In Case of Emergency: Will I Be Covered Abroad?

Vacations are about relaxing and getting away from it all, so the last thing on your mind as you prepare for your trip is whether or not your personal health insurance is sufficient to cover you while you’re away. Unfortunately, accidents and illnesses happen, even on vacation. Before you head for the airport or board a cruise ship, you should know what kind of coverage your health insurance will provide if you get sick or hurt while you’re traveling outside of the U.S.

How to Read Your Policy

Rather than wade through every page of your policy, head straight for the section marked “Medical Emergencies” or “Emergency Care.” Look for wording that states whether you’re covered when you’re out of the country. Most health insurance policies provide at least some coverage for emergencies when you’re traveling. But what constitutes an emergency?

In the case of your health, an emergency is anything an average person would consider life-threatening or that has the potential to result in permanent injury. If you pass out or experience chest pains, most people would agree these could be symptoms of life-threatening conditions and would thus constitute a medical emergency — even if you turn out to be suffering from the effects of an over-indulgent meal or not getting enough sleep. An injury that results in loss of consciousness, potentially broken bones or significant blood loss would also qualify as an emergency. A sore throat, a rash or a cut that doesn’t require stitches probably wouldn’t qualify as an emergency unless these symptoms persisted and/or worsened over time.

Talk It Over

If you have any questions or are still unsure about anything, call the customer service number on the back of your insurance card and ask the company to verify its policy for overseas medical coverage. Explain you’ll be traveling and ask for advice for what to do if you or your loved ones become sick or are hurt while on vacation.

How It Works

Your insurance card will be useless while you’re overseas, since foreign countries don’t accept U.S. insurance. You’ll be expected to pay for your medical care upfront and turn in your bills when you get home. Be sure to get an itemized receipt of all medical care you received. File these papers with your insurance company, and they will pay according to its schedule of usual charges. In general, if your insurance only covers 80 percent of the cost of emergency care in the U.S., or requires a co-pay, these same conditions will apply to any care you received overseas.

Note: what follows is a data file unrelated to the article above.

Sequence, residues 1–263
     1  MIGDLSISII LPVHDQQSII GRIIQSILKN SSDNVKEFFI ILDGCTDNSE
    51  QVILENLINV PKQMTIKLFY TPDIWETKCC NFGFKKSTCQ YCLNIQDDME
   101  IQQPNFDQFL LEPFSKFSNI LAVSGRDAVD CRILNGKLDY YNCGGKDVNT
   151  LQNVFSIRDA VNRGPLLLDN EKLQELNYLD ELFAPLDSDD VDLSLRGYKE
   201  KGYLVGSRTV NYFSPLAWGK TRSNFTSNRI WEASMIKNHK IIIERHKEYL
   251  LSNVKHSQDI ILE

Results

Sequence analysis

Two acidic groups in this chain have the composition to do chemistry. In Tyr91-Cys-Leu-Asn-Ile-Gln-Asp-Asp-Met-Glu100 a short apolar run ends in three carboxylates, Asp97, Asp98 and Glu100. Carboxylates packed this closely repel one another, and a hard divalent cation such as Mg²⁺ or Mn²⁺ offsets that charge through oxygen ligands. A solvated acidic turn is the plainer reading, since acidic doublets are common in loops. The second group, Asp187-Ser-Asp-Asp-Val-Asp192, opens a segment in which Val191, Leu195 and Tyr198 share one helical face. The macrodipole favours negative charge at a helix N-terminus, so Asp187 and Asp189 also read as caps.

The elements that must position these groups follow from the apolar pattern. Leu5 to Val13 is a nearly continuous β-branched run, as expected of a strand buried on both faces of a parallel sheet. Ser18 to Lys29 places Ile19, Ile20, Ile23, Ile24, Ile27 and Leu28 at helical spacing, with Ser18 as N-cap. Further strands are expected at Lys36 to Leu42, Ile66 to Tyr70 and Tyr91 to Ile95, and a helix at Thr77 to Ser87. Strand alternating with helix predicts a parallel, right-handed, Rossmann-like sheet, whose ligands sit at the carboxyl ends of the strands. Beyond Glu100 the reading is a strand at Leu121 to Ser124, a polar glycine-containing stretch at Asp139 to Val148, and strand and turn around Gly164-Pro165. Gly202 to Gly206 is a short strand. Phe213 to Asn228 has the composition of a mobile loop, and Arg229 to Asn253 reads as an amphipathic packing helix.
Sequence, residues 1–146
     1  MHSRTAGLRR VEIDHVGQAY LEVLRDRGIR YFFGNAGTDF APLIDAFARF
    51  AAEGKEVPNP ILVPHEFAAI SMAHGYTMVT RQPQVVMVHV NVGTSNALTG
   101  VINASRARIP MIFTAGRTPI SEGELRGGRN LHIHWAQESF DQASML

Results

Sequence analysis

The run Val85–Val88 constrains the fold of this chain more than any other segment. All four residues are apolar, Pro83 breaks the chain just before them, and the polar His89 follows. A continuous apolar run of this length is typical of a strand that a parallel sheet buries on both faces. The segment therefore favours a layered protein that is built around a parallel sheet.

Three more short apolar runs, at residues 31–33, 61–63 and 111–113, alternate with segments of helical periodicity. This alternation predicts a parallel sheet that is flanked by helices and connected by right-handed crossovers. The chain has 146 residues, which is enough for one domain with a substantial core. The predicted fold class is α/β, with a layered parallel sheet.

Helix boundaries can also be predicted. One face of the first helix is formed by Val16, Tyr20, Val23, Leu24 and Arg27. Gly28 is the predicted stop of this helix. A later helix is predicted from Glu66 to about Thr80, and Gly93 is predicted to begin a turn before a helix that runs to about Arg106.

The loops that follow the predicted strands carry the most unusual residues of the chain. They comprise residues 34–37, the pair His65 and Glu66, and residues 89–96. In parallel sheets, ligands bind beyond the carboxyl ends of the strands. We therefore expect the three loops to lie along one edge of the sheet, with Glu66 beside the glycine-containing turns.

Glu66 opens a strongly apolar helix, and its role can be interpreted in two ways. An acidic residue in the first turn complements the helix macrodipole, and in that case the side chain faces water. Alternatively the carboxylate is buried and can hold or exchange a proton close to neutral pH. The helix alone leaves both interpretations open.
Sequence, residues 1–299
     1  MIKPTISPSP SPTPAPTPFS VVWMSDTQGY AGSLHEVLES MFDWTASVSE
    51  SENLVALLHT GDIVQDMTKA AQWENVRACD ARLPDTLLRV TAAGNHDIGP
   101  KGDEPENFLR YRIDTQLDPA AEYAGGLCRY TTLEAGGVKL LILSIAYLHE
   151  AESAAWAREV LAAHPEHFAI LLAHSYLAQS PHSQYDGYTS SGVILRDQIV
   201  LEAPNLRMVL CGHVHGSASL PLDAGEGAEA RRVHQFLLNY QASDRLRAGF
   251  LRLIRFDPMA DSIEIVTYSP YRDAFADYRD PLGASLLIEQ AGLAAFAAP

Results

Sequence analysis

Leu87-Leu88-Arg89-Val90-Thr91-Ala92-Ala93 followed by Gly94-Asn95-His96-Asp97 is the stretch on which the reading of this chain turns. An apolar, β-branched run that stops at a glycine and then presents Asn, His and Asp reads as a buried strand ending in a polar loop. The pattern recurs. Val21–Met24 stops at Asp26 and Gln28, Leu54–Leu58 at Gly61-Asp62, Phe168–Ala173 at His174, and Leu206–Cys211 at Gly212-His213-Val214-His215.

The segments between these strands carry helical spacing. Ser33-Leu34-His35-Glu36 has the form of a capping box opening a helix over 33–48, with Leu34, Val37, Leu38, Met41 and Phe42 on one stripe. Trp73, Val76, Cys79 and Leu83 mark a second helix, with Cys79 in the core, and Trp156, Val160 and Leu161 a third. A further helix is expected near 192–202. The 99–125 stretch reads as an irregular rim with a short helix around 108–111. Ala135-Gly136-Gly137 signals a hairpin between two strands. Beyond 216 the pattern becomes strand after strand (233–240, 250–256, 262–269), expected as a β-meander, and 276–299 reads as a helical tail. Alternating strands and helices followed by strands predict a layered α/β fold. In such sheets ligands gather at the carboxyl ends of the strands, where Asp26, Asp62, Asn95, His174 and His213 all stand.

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Exception to the Rule

Medicare is a U.S.-only insurance program. If you travel outside the U.S. and need medical care, Medicare won’t supply coverage. In this case, look to your supplemental medical insurance policy for help. Review your policy and call customer service to find out if your policy will reimburse you for emergency medical care overseas.

Like staterooms on a cruise ship and seating on a plane, not all health insurance plans are created equal. If you’re a frequent traveler, your policy’s coverage for overseas emergencies matters when it comes down to buying the health coverage that’s right for you. Before you set sail for your next vacation, find out if your insurance will be there for you, even when you’re far away from home.

About the author

Felicia Baratz is a freelance writer and designer living in Indianapolis. As a contributor to Cooks & Travel Books, she discusses the latest in cultural trends and their relation to travel and education.





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